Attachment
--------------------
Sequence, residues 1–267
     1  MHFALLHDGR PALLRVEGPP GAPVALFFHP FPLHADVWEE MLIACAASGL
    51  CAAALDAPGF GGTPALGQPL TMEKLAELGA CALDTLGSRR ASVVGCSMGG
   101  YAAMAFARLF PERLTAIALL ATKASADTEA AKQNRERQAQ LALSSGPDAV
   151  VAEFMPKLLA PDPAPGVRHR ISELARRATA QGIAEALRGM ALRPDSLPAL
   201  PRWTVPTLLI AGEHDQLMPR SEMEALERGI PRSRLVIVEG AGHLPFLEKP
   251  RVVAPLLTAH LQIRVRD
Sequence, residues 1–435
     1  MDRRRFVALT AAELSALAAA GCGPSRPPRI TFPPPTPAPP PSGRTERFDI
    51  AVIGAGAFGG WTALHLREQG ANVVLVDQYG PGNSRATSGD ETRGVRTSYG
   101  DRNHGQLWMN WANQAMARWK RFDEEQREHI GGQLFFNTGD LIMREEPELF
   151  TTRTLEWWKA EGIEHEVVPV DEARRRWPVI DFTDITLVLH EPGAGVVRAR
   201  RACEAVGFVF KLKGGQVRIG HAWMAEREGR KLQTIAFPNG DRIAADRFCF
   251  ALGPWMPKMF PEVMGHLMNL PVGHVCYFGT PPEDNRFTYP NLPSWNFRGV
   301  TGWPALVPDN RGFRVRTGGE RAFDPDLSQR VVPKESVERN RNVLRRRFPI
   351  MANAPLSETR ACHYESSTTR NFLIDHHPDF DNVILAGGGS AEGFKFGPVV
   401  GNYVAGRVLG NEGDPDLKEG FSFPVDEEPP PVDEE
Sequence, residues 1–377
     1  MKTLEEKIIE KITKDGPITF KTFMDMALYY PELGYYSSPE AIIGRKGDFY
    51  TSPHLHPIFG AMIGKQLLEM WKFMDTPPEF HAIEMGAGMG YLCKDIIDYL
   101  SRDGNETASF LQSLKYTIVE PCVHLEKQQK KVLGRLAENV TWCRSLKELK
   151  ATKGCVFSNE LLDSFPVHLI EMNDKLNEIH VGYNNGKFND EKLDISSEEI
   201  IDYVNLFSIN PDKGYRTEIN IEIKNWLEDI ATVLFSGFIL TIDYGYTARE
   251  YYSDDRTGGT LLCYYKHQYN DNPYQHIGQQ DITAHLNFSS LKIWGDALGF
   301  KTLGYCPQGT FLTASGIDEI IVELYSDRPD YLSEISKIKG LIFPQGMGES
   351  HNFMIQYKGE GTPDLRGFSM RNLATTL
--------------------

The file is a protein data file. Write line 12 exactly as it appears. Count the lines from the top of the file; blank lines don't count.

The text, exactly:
   151  TTRTLEWWKA EGIEHEVVPV DEARRRWPVI DFTDITLVLH EPGAGVVRAR